Star Trek: Season 1, Episode Twenty-Four “This Side of Paradise”

Stardate: 3417.3 (2267)
Original Air Date: March 2, 1967
Writer: Nathan Butler (a.k.a. Jerry Sohl), D. C. Fontana
Director: Ralph Senensky

“I am what I am, Leila. And if there are self-made purgatories, and we all have to live in them, mine can be no worse than someone else’s.”

Rating: 5 out of 5.

The Enterprise has been dispatched to Omicron Ceti III, a distant planet where an attempt was made to establish a colony several years ago (in the year 2264), however after all 150 Federation colonists were originally sent to Omicron Ceti III, it was discovered that the planet is actually plagued by a deadly string of “berthold rays.” Spock notes that these berthold rays destroy mammalian animal tissue and even limited exposure might kill humans. The chances of long-term survival on Omicron Ceti III are unlikely, but in order to fulfill its mission, the Enterprise maintains standard orbit, and Uhura opens the airwaves for any transmissions but she only receives dead air.

The Enterprise has been tasked with investigating the situation. Spock’s analysis indicates that humans can survive about a week on the planet’s surface in spite of the berthold rays, so Kirk organizes a landing party to search for any survivors of the colony. The landing party consists of Kirk, Spock, McCoy, Sulu and two others: DeSalle, and Kelowitz.

When they beam down a constructed farmhouse is visible. Kirk remarks on what could have been a successful colony. However, suddenly the colony survivors miraculously appear led by Elias Sandoval (Frank Overton). They have been living here for four years, and their sub-space radio stopped working. Generally speaking, the colonists have returned to an organic life in harmony with nature, growing vast fields and crops on this bountiful planet, and they maintain no mechanical tools, weapons, nor vehicles (all of their animals have died). Dr. McCoy completes a health scan of the colonists and he curiously determines that they are all in perfectly “excellent” health. In another strange twist, Sandoval once had his appendix removed years ago though his appendix has now miraculously re-grown inside his body. Kirk receives orders to evacuate Omicron Ceti III but the colonists refuse to leave.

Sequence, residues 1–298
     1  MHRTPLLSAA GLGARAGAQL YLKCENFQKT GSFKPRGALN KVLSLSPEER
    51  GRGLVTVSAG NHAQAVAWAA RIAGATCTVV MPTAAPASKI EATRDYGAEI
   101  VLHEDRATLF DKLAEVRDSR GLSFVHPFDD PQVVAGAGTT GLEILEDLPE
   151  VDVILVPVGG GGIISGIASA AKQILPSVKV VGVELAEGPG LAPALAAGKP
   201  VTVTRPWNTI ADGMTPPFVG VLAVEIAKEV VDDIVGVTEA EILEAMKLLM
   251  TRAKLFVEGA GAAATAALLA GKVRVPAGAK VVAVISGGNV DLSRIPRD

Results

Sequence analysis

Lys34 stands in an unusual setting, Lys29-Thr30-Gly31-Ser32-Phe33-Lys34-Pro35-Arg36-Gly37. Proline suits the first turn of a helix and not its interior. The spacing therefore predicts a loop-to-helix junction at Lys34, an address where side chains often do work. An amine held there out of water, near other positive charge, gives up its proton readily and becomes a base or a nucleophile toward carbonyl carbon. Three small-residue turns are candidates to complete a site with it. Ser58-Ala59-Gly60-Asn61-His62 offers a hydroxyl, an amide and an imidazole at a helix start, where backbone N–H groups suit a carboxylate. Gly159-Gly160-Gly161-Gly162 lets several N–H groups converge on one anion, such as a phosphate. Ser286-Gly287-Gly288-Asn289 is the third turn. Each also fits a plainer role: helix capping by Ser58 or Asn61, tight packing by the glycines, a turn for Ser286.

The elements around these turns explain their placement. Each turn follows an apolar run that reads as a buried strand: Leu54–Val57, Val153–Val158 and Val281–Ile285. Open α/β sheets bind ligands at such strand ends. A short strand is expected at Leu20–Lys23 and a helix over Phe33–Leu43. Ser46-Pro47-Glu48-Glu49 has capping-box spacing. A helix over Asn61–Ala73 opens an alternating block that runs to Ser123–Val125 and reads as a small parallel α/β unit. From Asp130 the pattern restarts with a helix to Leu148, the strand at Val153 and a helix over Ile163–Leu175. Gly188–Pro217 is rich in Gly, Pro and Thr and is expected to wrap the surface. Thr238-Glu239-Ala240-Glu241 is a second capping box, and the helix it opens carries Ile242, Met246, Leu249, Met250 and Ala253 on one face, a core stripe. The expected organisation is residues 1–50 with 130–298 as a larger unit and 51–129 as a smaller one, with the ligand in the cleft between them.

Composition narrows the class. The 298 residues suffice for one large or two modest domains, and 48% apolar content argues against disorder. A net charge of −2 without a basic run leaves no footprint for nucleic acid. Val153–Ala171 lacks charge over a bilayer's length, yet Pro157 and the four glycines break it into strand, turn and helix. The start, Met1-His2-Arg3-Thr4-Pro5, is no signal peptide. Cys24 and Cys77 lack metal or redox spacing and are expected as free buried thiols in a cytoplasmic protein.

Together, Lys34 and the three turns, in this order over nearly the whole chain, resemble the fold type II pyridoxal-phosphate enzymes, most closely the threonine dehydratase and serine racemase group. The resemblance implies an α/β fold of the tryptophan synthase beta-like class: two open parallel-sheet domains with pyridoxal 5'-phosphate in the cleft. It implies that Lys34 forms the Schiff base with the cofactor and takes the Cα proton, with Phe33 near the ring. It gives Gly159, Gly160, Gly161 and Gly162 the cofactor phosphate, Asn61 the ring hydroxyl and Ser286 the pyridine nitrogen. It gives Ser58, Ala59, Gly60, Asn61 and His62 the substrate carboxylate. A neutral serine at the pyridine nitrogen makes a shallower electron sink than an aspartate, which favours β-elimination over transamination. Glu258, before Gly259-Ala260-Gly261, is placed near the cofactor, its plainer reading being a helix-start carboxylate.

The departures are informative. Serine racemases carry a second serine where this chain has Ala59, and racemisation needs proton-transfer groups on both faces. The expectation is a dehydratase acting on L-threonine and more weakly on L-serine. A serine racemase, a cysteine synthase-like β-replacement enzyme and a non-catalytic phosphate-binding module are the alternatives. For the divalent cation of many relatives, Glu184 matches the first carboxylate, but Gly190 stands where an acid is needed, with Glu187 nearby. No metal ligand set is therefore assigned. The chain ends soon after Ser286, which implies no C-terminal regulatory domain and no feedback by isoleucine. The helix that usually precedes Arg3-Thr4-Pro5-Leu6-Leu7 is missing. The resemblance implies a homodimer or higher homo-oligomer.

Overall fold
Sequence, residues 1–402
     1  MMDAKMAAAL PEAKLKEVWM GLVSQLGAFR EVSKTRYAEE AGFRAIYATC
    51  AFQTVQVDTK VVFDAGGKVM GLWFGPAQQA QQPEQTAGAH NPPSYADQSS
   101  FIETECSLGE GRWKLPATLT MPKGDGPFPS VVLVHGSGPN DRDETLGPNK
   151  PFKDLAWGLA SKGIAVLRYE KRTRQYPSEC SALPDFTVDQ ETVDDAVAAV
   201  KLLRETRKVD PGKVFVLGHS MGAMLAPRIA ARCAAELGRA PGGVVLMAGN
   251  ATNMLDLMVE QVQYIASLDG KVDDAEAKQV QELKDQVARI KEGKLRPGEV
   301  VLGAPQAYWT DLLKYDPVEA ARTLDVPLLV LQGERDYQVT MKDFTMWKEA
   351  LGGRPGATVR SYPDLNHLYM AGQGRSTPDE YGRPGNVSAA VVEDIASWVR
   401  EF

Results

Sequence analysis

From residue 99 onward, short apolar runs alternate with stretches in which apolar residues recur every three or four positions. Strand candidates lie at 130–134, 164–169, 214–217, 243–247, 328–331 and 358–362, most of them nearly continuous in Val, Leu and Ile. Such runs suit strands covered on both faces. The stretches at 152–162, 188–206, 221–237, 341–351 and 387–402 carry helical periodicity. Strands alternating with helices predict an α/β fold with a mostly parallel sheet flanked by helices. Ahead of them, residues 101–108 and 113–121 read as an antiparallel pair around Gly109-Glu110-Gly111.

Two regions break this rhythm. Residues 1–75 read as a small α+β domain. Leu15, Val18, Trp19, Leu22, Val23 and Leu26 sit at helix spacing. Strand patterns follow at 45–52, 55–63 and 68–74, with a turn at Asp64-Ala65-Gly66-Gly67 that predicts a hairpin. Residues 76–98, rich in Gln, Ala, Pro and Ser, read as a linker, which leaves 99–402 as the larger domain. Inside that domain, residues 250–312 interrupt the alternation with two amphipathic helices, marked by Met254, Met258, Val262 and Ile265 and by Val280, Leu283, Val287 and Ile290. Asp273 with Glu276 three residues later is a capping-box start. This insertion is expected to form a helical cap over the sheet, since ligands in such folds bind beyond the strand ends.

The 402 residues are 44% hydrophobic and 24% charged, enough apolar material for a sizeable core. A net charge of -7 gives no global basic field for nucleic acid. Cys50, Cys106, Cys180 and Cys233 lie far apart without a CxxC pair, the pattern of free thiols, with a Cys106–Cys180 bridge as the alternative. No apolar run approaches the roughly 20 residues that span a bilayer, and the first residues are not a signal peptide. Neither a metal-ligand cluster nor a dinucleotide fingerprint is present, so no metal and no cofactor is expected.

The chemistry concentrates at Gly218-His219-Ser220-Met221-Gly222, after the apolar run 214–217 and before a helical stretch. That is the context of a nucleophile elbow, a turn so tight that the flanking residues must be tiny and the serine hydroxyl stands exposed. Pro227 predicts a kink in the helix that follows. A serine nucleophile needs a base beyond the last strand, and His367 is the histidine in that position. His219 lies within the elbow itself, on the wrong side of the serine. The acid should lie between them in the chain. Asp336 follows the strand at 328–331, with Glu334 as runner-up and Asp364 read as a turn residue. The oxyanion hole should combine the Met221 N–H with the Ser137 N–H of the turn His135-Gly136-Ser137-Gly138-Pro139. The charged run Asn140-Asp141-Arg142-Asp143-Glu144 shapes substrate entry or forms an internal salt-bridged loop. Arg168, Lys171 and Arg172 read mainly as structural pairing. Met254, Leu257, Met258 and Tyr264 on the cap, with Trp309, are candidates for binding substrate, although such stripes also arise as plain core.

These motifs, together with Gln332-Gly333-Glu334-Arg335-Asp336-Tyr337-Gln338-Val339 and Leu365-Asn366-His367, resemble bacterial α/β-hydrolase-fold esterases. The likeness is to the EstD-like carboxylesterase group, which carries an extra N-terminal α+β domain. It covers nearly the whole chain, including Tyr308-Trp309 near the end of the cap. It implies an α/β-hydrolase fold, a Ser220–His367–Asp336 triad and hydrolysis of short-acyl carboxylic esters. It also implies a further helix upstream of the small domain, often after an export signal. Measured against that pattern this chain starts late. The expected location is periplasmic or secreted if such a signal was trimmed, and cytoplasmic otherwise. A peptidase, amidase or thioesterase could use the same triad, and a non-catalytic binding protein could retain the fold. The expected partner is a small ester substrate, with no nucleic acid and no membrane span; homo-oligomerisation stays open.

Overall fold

A woman named Leila Kalomi (Jill Ireland) is a botanist who introduces herself as Mr. Spock’s old romantic flame. She leads Spock out to a strange flower whose spores are blasted in Spock’s face. Almost immediately, a strange sense of ease overcomes Spock’s typically stiff demeanor. He expresses romantic attachment to Leila, and he becomes unreachable via communicator while watching clouds and rainbows from a lush green meadow.

Several plants are then brought aboard the Enterprise and the whole crew becomes insubordinate after being infected through the ship’s ventilation system, and disobeying Kirk’s orders, they all decide to beam down to the planet. Alone on the ship, Kirk realizes he cannot pilot the Enterprise by himself –he is in effect marooned, until he, too, is finally sprayed by the plant’s spores while on the bridge of the Enterprise. Before he can beam down to the planet (which would make it impossible for anyone to beam back to the Enterprise again), Kirk soon figures out the weakness of the infection. He convinces Spock to beam back aboard the Enterprise and then proceeds to lob an array of insults at him —“half-breed!” “overgrown rabbit!” “subhuman!”— and Spock eventually responds with rage which actually removes the infection. Strong emotions undo the effects of the spores. Apparently, these Plants thrive on berthold rays and they act as a repository for thousands of spores in search of human bodies, but they also block the effects of berthold rays in humans.